This is the culmination of 4 years of hand spinning. All the experiments with both dyeing and spinning: locks, roving, all of it. All the hours put in to hone this skill. Some were hits, some were misses. I would say the majority are acceptable, if not pretty darn good for a gal who hated the drop spindle but decided to just to throw caution to the wind and buy her first wheel in 2012. I adore spinning. To hell with knitting. I will sit and spin all day any day.
Now with two wheels (first my Lendrum and then my Spinolution wheel) I can work much more efficiently and that means the yarn stash has the potential to grow even bigger, faster. I didn’t do a lot of processing (skirting, washing, or dyeing) fleece last year. We seemed to be in a perpetual state of renovation. But that didn’t seem to stop me from combing, carding and spinning.
I laid all this out on the table the other day, and I was a bit disturbed at how big the yarn stash has grown. With all that time sitting and spinning I haven’t had, well, any time to knit or crochet or weave. It feels a bit stagnant to me, in the sense that – as much as I feel you can never have too much yarn, having these around is stunting my creativity and zest to try something new. There is literally too much choice right now.
One reason why I find it hard to let go is because spinning is such a cathartic process for me. It really is therapy – if not a spiritual experience. So the finished yarn carries a lot of those emotional qualities for me.
The other reason is that I look too critically at my work, and assume it is not good enough for anyone else to enjoy.
Excuses aside, it’s time to get these ready for listing and hopefully into some new homes (my handspun is probably the only thing I sell that I am not unhappy about if it doesn’t sell ). I have a few skeins drying now – some of these have been in storage so have become compacted and needed to be fluffed up and looking their best again. I also have my pricing spreadsheets set up and shipping rates worked out. I just need to get photographing and listing. I’m not sure if that is all going to gel together by the end of this month – which is fast approaching. I was hoping to get a least a skein or two up this week but I guess you just can’t rush a good thing.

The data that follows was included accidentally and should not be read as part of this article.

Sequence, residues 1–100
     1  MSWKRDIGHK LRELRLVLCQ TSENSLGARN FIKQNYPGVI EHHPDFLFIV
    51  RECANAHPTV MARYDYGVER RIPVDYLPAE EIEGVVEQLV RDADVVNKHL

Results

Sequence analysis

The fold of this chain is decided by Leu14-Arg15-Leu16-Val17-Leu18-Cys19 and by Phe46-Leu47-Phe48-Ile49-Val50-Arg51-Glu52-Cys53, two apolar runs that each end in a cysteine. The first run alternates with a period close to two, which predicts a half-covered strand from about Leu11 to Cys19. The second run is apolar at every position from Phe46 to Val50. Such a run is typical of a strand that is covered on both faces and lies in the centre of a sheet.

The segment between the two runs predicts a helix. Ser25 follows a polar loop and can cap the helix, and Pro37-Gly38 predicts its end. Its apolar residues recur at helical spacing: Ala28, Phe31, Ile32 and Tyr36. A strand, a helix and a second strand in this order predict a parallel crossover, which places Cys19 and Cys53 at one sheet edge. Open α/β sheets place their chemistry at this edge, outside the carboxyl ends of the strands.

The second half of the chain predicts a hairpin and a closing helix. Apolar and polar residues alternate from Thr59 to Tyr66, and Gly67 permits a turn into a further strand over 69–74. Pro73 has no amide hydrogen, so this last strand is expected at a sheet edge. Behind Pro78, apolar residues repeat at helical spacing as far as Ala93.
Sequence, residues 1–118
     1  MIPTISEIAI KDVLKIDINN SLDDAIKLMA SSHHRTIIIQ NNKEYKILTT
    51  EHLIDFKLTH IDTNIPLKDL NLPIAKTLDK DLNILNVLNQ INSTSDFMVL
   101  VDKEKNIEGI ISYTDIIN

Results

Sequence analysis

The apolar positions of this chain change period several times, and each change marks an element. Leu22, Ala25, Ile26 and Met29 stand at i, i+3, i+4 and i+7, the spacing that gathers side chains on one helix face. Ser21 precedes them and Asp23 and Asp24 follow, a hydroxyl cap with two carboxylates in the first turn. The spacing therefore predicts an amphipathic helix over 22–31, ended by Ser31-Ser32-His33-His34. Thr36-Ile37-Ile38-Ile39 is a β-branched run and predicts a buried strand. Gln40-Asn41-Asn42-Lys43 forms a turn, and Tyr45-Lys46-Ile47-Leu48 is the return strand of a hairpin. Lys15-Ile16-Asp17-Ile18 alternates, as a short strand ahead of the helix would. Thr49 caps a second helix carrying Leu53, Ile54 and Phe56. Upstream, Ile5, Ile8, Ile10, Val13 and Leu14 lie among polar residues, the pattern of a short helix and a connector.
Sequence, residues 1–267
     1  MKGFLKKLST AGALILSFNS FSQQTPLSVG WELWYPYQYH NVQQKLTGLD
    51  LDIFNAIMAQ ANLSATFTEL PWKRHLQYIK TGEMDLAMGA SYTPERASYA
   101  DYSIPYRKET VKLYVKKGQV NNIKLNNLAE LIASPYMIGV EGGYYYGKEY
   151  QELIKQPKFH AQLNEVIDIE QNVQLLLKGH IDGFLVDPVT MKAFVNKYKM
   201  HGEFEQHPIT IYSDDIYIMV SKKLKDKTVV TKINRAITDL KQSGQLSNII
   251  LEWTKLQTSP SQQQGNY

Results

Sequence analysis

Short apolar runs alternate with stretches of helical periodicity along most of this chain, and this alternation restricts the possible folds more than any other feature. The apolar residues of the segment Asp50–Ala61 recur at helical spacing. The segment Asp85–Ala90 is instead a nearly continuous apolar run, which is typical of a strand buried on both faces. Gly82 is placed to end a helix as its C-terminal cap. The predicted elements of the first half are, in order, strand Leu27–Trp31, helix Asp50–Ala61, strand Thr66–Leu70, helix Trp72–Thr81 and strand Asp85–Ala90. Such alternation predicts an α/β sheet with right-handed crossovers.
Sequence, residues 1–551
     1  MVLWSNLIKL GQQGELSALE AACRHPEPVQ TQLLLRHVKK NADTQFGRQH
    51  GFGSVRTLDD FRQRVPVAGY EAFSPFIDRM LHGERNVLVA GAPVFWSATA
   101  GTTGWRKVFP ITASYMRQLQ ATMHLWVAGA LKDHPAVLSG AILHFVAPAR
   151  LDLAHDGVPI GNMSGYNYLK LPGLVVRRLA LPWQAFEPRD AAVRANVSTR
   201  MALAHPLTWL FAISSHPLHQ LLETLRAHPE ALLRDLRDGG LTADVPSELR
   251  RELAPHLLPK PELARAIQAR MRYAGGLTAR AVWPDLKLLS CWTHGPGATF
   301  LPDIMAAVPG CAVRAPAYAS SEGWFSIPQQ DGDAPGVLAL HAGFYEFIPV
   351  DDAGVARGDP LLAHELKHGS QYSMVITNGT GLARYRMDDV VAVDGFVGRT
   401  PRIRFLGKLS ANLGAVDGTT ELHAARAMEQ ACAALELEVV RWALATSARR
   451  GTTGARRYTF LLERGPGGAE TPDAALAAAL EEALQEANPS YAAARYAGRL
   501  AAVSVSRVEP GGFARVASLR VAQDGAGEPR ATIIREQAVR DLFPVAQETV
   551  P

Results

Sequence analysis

You will find the prices will be affordable if not downright rock bottom. These yarns have served their purpose as a teaching tool to hone my skills and I am happy to give away the time and possibly even partial cost of materials in order to make way for new skill building. The hardest ones to price will be my merino and alpaca yarns, since they were the most expensive of my fleeces to obtain. They are so soft and fluffy and – the hardest ones to part with. But I am all about intention and energy and my hope is that these yarns will make it into the hands of people who can appreciate all these qualities that come with them.
Then when I am done with all that, you see these two containers in my closet? The label on the top bin says: wholesale overflow. And that is exactly what this is. 13+ years of wholesale, clearance and closeout jewelry supplies. In my lifetime, I will never use all of this. So these materials will have to find a new home as well. Now, to clone myself several times in order to get all this done…
Leilani Cleveland Deveau is a self-taught jewelry artist with over sixteen years of experience. 4 years ago she added the fiber arts (wool processing/dyeing/carding/spinning, knitting, crochet and felting) to her long list of creative interests. Leilani welcomes questions or comments from other crafters and handmade artists, as well as requests for custom, wholesale or consignment jewelry. Her home studio is located in the Annapolis Valley, Nova Scotia. You can contact her by email: firstname.lastname@example.org or stay informed by subscribing to her monthly newsletter (a draw for a giveaway each month!). See sign up button at right on main blog page.